“When we moved here, I didn’t know that the shrubs near the front porch were the flowering kind, until one day they burst out in beautiful pink and white blossoms. The flowers graced the ground when they fell, leaving a carpet of petals. The floral shower right outside our door was such a nice surprise!
Sometimes in life we fear the unexpected- the call we don’t ever want to receive, the news we can’t bear- but there are times when the unexpected is a blessing. From the big surprises we didn’t see coming, to the small ones, an ordinary day can change in an instant over a cascade of flowers.”
So, here we are several years later, and these flowers are in bloom again. If you’ve read my recent blog posts, you might recall that there have been some unexpected developments- shocking sudden deaths- four of them within a few months of each other. I thought there were five, but my mind seems to have inflated that count. Now I’m worried that there IS a fifth one that I’ll learn about soon.
That’s a lot of “unexpected”- and not the good kind. Yes, an ordinary day can change in an instant. This time around, I feel sad when I see these flowers. They seem to be funeral flowers at the moment.
This is how life is, beauty is in the perspective. We can see something beautiful and feel joy, or feel sadness, or something else entirely. Here’s hoping that the next unexpected thing that comes our way is a blessing.
I share this one when I’m feeling melancholic, flitting back and forth between faint optimism and bittersweet sentiment, and a gloomy premonition that something bad is about to happen. This sense of doom is partly an empathetic response to the way the wind is shifting on the world stage on a particular day, and partly a personal, individual perspective that is complicated and unique to me (although my own emotions are often astonishingly in sync with other fellow humans, even with people I’ve never met).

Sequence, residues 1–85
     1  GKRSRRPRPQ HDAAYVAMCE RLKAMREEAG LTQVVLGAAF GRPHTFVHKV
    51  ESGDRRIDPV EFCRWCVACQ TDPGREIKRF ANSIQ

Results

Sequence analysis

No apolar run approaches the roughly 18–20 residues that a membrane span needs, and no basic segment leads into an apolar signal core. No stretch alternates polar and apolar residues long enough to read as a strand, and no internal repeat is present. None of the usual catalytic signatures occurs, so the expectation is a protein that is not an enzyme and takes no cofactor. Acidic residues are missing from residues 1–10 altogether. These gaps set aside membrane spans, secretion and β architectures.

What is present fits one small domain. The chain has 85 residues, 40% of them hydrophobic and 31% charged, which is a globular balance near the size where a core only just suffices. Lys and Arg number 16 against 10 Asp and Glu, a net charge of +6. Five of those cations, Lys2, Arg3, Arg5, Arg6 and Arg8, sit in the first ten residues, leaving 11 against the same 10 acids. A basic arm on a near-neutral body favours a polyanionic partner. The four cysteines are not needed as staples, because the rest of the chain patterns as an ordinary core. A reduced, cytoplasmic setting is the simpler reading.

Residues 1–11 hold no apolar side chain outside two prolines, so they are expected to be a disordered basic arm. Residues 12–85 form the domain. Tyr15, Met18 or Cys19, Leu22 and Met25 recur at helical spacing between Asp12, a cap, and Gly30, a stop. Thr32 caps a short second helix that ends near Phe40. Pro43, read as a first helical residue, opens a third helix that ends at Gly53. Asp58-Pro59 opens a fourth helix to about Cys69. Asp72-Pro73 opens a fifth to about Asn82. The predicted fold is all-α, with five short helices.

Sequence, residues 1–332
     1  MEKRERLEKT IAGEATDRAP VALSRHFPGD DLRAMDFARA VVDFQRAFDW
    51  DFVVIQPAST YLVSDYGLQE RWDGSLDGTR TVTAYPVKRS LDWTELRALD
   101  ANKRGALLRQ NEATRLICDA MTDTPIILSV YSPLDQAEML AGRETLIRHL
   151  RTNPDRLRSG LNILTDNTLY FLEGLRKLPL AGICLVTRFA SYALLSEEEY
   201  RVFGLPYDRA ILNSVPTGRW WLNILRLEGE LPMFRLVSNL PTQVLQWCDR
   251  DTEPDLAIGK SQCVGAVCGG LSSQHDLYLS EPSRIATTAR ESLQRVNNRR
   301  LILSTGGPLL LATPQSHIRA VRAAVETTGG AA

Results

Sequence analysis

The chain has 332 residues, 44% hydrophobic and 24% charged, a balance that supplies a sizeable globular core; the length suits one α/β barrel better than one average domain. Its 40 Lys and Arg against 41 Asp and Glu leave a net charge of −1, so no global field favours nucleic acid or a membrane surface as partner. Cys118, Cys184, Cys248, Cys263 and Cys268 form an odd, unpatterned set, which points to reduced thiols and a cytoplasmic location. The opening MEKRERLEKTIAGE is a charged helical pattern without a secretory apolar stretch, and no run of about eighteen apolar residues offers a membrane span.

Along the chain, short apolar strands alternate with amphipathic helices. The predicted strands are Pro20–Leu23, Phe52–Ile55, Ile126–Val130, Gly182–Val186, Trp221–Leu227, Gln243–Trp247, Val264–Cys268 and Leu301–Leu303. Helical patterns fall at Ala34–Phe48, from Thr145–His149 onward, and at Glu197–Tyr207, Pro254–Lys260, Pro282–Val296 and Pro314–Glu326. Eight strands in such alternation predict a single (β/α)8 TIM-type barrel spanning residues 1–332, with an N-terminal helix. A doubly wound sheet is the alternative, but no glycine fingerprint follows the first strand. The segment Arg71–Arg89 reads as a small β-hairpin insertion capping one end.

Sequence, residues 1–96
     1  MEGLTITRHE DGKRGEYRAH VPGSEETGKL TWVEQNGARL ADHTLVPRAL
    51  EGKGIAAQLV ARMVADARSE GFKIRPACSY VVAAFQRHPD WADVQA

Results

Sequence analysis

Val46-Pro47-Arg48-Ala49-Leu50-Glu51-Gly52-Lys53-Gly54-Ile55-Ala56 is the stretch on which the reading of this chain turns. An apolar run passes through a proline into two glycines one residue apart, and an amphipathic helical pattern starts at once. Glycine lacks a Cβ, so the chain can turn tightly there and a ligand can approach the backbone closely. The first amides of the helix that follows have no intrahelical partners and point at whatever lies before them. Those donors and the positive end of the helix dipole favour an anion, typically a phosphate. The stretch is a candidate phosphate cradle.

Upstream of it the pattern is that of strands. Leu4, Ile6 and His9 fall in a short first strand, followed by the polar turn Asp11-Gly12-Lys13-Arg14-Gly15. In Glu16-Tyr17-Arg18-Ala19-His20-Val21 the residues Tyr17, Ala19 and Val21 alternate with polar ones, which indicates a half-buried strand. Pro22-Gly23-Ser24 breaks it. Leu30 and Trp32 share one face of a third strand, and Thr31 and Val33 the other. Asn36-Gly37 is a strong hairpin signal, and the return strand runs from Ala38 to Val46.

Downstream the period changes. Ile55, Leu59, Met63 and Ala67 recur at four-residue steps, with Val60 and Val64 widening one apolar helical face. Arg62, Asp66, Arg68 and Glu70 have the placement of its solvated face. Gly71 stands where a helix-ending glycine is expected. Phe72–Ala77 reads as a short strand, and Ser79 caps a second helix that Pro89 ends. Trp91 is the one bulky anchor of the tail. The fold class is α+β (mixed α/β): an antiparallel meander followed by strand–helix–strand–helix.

Melancholy can be channeled into beautiful things. I tend to be more introspective and lost in my art when I’m feeling a bit blue. Depression or a funk is a different state, and I find no benefit to emotions so low as to be unproductive and damaging to one’s health. So I’m definitely not advocating for sadness that causes a person to have difficulty leading a normal life. What I mean is the kind of sadness that put us in a quiet, restful state that may evolve into empathy; a profound connection to fellow humans and our shared plight. This state of being is a good foundation for creating art.
When you’re feeling a bit blue, embrace those emotions by channeling them into a project you can escape into, as if alone at sea on a peaceful cloudy day, in which you can just see the comforting glow from a lighthouse. You won’t lose your way home. Stay in the cold murky waters for a while. Take in the beauty of the moment; as our joy is defined by our sadness. When we don’t know sadness, we may struggle to fully appreciate joy.
When we are weary, the lighthouse will lead us back to the shore. We can rest, and let our breath flow out, relaxed, letting go of all of our concerns. As we lay our heads on our pillows that night, we sleep deeply; our fears lose their grip, our sadness lifts, and when we waken in the morning our energy is restored.